This book offers an interdisciplinary discussion of the fundamental issues concerning policies for sustainable transition to renewable energies from the perspectives of sociologists, physicists, engineers, economists, anthropologists, biologists, ecologists and policy analysts. Adopting a combined approach, these are analysed taking both complex systems and social practice theories into consideration to provide deeper insights into the evolution of energy systems.
The book then draws a series of important conclusions and makes recommendations for the research community and policy makers involved in the design and implementation of policies for sustainable energy transitions.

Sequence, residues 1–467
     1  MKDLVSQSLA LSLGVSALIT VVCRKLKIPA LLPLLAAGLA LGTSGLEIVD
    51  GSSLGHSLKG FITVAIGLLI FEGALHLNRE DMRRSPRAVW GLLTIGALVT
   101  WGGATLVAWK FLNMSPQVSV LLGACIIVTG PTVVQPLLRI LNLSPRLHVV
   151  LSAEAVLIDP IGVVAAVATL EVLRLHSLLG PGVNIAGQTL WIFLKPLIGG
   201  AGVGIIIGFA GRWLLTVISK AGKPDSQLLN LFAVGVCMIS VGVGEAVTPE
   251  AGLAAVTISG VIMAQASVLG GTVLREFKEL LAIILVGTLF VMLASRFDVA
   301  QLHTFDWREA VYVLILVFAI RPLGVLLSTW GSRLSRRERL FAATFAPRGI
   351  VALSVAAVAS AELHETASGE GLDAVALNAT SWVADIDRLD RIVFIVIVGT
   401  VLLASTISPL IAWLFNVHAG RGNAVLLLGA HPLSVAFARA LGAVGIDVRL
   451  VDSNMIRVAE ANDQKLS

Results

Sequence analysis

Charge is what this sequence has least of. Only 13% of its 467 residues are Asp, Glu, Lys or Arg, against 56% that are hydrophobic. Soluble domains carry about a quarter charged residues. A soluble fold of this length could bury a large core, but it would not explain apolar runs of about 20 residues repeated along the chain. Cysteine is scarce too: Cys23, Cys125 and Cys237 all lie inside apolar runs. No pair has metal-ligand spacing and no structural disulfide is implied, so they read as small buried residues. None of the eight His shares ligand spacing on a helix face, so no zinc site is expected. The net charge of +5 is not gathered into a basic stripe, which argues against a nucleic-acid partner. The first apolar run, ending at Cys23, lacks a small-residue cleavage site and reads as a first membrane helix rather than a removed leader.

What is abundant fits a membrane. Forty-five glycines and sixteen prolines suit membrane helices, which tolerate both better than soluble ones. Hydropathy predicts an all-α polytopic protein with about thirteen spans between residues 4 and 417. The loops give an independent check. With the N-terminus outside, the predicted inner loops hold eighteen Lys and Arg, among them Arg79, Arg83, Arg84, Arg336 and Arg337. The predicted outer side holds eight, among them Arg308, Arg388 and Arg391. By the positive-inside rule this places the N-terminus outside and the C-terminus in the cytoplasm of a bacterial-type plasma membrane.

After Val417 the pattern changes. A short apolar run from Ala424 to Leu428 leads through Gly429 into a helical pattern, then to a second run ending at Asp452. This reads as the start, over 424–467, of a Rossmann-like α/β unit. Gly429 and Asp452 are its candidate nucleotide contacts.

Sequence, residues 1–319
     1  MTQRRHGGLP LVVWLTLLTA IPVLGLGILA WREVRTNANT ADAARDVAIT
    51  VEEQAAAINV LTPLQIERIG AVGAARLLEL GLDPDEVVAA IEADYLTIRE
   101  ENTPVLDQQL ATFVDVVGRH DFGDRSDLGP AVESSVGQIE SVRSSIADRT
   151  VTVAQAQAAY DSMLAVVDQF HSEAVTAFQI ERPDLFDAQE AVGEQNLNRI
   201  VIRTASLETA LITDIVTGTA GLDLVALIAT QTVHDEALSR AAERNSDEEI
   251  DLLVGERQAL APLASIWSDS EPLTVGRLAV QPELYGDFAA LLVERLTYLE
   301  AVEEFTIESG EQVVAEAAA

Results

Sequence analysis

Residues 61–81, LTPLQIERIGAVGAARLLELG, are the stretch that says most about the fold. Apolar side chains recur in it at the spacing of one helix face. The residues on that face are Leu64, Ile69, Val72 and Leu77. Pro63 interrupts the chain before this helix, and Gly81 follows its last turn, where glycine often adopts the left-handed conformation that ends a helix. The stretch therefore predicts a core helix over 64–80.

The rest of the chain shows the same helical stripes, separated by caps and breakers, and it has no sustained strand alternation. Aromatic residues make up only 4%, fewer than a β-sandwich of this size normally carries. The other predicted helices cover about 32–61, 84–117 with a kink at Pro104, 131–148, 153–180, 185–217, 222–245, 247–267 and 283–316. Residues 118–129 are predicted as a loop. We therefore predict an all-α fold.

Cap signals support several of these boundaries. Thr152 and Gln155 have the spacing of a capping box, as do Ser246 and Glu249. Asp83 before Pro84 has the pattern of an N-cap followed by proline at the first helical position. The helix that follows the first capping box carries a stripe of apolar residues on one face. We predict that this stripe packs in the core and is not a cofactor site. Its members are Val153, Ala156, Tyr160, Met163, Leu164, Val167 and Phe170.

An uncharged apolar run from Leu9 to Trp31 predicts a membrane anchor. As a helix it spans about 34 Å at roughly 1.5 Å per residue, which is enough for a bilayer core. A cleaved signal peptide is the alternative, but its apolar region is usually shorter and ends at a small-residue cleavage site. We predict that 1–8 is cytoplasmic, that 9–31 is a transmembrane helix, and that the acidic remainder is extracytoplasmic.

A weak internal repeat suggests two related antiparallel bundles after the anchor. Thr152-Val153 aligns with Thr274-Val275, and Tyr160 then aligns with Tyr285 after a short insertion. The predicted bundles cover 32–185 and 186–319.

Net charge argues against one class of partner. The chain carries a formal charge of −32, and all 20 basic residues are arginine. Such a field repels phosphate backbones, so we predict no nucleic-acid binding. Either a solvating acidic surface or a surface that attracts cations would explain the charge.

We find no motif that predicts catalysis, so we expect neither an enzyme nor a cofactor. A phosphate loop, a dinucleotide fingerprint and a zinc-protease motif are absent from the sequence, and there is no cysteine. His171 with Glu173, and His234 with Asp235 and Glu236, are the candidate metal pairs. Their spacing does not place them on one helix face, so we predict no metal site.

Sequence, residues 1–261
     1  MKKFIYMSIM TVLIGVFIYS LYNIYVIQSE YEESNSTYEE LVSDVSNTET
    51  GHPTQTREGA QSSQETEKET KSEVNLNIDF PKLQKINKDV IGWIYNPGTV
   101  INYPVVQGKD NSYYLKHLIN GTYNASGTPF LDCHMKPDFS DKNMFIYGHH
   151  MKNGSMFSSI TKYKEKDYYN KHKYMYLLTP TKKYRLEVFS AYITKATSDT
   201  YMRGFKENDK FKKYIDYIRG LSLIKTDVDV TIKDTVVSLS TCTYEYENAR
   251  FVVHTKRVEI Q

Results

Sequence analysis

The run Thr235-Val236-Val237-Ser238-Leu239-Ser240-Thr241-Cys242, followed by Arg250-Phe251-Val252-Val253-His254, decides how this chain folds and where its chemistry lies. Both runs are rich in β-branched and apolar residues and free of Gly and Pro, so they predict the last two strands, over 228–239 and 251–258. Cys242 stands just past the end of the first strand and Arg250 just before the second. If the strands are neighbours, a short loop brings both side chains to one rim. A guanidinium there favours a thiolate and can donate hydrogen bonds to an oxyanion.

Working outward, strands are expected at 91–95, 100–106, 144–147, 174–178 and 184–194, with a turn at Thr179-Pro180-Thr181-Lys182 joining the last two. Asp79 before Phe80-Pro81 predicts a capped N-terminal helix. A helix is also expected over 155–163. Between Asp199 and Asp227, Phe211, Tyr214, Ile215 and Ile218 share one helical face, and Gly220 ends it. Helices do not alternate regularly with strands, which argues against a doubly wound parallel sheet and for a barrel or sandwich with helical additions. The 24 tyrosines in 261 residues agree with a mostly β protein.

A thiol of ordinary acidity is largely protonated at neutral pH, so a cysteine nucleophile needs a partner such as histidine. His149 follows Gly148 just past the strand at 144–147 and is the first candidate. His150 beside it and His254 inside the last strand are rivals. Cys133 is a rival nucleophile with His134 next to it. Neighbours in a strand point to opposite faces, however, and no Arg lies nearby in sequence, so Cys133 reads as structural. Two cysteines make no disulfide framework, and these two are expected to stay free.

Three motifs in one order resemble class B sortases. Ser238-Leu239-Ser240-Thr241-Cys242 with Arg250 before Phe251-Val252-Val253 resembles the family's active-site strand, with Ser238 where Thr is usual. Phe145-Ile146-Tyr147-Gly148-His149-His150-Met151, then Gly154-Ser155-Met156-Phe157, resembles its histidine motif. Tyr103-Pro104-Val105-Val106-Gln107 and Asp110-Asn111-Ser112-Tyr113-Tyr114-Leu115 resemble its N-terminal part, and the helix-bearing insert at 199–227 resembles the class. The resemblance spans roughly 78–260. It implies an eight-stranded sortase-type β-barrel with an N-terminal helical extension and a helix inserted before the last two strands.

The Social Construction of Complex Systems.- Complexification in the Energiewende.- Present Energy Metabolism and the Future of Renewables.- Hierarchies, Power and the Problem of Governing Complex Systems.- Community-based Initiatives to Enhance the Sustainability of Energy Systems.- Convergence of Biophysical and Socioeconomic Models of Resource Systems in the Long Term Based on a Complex Systems Approach.- Energy Conservation Policies in the Light of the Energetics of Evolution.- Ontological Fallacies Linked to Energy, Time and Information.- Energy, Time and Social Practice: From Abstractions to Dynamic Processes.- How Flexible are Households in their Energy Consumption? An Analysis of the Rhythm of Everyday Life and its Consequences for Peak Shaving.- Two Political Views on Energy: The Mechanic and Experimental Regimes of Bodies.- Radical Transitions from Fossil Fuel to Renewables: A Change of Posture.- Decomposing Energy Grids: Energy and Power Between Corporate Actors and Final Users.- Complex Adaptive Systems and Energy-saving Social Practices.- Grid Dependencies in the Time of Renewables.